This year the big challenge for the group is the construction of the Jurassic Garden. We are fortunate in having a template to work from kindly produced by our friends at Kingston Maurward College.  The Jurassic garden will test the group considerably and offer many challenges.  However the project took a large step forward this week with brick  rubble moved into place which will form the base of the ammonite shaped path.

About the garden things are moving.  Class2P has kick started things and their potatoes have been planted.

Class 2P - first off the mark!

In one of the daffodils a snail was spotted hiding. It looks as if it had been eating several of the petals first before it decided to try to hide. Several bumblebees were also noted in the daffodil flowers- buff tailed and red tailed bumblebees were actively feeding from one flower to another.

Snail trying to hide in the daffodil

The last two hazel hurdles which arrived with the garden in 2008 have finally started to fall apart.  It is intended to replace them with a reed screen as we did before.  However these will be much lower to allow more light into the growing area.  The reed was kindly donated by our friends at  Abbotsbury Swannery.  It is hoped that the new reed screens will be completed in the next day or two.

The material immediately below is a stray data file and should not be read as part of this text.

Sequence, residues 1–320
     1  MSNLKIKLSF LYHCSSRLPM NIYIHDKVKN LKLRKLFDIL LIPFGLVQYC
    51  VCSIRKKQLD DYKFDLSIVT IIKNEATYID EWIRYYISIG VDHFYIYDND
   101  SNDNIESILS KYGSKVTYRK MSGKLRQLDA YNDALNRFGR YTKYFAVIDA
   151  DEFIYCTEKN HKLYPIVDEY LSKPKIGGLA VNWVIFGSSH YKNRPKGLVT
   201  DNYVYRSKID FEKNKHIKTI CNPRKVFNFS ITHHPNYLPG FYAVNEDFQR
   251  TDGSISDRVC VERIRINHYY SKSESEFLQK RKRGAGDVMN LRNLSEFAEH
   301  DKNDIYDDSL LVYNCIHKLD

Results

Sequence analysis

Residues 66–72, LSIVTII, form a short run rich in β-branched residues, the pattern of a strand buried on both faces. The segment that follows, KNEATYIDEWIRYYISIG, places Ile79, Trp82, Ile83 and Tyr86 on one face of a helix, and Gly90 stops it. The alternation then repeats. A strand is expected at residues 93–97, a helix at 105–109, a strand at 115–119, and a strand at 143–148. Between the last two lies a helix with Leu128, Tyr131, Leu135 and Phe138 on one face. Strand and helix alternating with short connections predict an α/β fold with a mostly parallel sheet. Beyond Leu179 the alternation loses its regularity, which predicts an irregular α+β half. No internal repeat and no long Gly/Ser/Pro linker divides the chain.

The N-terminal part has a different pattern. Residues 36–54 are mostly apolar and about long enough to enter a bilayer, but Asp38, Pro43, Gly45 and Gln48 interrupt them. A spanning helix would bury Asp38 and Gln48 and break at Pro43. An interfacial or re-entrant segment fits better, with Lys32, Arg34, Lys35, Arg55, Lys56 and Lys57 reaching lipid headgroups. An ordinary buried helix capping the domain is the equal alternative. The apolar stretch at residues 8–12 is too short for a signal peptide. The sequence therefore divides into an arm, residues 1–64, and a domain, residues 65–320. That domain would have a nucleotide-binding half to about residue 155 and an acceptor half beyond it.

Reed and battens ready for the new screens

Proof that there is beauty in everything.  A casual glance to the skies at the end of the day revealed this amazing cloud formation. Nature cannot be beaten for continually producing beauty and form.

Finally while sorting out the clematis and jasmine plants on the pergola an old friend was discovered covered in grass and debris from the two storms back in February.

Our frog wind vane lives on after a clean up and quick refurbishment!

Monday, 10 March 2014

Things are buzzing.......!

This last weekend got off to a good start with a new bee species identified in the garden. It was a mining bee and one of the earliest to emerge in the Spring.  It is called Andrena clerkella and is seen usually around sallow which is flowering now in the garden at the outside classroom. 

The black facial hairs help with the identification of this species.  An attractive bee of which we shall probably see more of over the next week or so.  A second record for the garden of Tree Bumblebee (Bombus hypnorum) was made as it fed in one of the Daffodil flowers.  By the size of the insect it was a queen.  Also a queen Buff-tailed Bumblebee was seen resting on the grass.